Špilja Vindija

Useful Information

Location: Rijeka Voćanska, 42245, Rijeka Voćanska.
9 km northwest of Ivanec, 20 km west of Varaždin. From Varaždin follow 35 to Greda, at the roundabout turn right towards Vinica 4.1 km to Gornje Ladanje, turn left 8 km to Rijeka Voćanska.
(46.3017576, 16.0798704)
Open: No restrictions.
Fee: free.
Classification: SpeleologyKarst cave Tortonium limestone
Light: bring torch
Dimension: A=275 m asl, L=50 m, W=28 m, H=20 m.
Guided tours: self guided
Photography: allowed
Accessibility: no
Bibliography: James C. M. Aherna, Sang-Hee Leeb, John D. Hawks (2002): The late Neandertal supraorbital fossils from Vindija Cave, Croatia: a biased sample?, Journal of Human Evolution, Volume 43, Issue 3, September 2002, Pages 419-432. DOI pdf
Ivor Jankovi, Ivor Karavani, James C. M. Ahern, Dejana Brajkovi, Jadranka Mauch Lenardi, Fred H. Smith (2006): Vindija Cave and The Modern Human Peopling of Europe, Coll. Antropol. 30 (2006) 3: 457-466 researchgate
Kay Prüfer et al. (2017): A high-coverage Neandertal genome from Vindija Cave in Croatia, SCIENCE, 5 Oct 2017, Vol 358, Issue 6363, pp. 655-658. online DOI
Address: Špilja Vindija, Rijeka Voćanska, 42245, Rijeka Voćanska.
As far as we know this information was accurate when it was published (see years in brackets), but may have changed since then.
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1878 first mentioned as an archaeological site.
1928 first excavation.
1974-1986 intensive excavations by Mirko Malez of the Croatian Academy of Sciences and Arts.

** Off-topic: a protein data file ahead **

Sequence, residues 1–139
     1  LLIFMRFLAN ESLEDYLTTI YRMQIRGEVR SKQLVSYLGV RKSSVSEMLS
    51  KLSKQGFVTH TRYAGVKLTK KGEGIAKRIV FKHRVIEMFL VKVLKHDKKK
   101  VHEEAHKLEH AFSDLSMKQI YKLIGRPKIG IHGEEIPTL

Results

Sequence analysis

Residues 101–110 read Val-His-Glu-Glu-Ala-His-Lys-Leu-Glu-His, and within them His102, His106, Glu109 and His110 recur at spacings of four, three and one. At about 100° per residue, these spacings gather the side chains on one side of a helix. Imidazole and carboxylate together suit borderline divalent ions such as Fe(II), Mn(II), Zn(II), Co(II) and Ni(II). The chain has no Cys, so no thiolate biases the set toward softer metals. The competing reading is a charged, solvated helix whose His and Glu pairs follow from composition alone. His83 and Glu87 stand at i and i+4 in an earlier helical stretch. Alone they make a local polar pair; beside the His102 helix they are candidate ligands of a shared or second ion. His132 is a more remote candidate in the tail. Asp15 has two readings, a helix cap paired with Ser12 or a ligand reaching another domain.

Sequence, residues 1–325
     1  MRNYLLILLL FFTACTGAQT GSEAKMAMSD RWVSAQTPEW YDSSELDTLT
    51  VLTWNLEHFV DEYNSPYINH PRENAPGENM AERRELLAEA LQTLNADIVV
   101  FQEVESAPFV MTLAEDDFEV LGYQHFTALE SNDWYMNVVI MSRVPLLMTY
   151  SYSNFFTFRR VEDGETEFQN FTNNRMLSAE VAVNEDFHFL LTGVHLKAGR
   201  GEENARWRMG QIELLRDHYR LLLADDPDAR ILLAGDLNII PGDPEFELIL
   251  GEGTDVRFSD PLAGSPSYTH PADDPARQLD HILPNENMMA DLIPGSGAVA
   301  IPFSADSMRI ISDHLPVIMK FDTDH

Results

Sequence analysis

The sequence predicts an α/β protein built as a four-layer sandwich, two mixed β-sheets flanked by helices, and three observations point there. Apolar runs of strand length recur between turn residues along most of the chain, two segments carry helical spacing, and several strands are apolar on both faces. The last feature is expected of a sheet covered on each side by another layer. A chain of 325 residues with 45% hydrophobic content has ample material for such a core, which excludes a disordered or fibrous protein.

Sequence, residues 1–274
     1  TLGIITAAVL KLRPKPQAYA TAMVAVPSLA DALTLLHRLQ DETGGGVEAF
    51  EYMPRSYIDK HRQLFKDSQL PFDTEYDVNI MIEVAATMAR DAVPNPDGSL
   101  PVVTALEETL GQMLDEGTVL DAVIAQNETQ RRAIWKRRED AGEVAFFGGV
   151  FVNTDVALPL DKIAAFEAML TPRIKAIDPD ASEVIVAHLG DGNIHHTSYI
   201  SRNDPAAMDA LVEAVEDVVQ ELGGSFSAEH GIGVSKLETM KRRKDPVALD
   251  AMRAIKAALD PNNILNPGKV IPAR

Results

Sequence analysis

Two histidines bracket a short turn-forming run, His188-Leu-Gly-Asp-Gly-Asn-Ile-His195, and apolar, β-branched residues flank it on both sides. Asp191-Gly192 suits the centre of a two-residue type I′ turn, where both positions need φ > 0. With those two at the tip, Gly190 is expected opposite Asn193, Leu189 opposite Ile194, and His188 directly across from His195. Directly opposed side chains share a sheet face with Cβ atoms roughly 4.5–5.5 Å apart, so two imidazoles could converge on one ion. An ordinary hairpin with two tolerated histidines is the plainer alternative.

2008 a complete mtDNA sequence retrieved from a thigh-bone of one of the Neanderthals recovered from Vindija Cave.


Špilja Vindija (Vindija Cave) is a small cave in northern Croatia which has become famous for the discovery of Neanderthal remains, which were used as the primary source of DNA for the Neanderthal genome project. The cave is a single huge chamber with a huge portal, which was used as a shelter by Stone Age man and Neanderthals. Other remains found in the cave include the bones of woolly rhinoceros (Coelodonta antiquitatis), saiga antelopes (Saiga tatarica), horses (Equus germanicus), reindeer and cave bear (Ursus spelaeus).

The excavation of Vindija cave was the central work in the life of the archaeologist Stjepan Vukovic (*1905-✝1975). He started as a teacher, later founded the archaeological department of the museum of Varaždin. Today the museum has a wide range of exhibits, many of them from his excavations.

Another spectacular event in the history of the cave was the retrieval of a complete mtDNA sequence from a thigh-bone of one of the Neanderthals recovered from Vindija Cave. As a result of the massive effort, the article in Science magazine had more than 20 authors. And it was a quite spectacular event for the general research on Neanderthals, as it answered numerous questions, and as always, created new questions. The Neanderthal genome project was completed in 2010.

The cave is an important archaeological site, and is freely accessible. Due to the huge portal, a torch is actually not necessary, nevertheless, we recommend bringing one. At the road near the hamlet Rijeka Voćanska, there is a huge parking lot, from here a 230-m long single-lane road leads to the cave. After a level hike, the trail turns 180 degrees and bends steeply, up to the cave. The road is a result of the excavations, it was built for the scientists. The cave is also signposted.

In newer pictures, the cave is gated with a fence, however, only the excavations are fenced off, it is still not possible to enter the cave. It's possible to see the whole excavation from the fence, and an educational sign explaining the archaeological importance of the cave was also installed. Also, the trail to the cave is now well maintained and signposted. The cave is listed among the most famous caves of Croatia.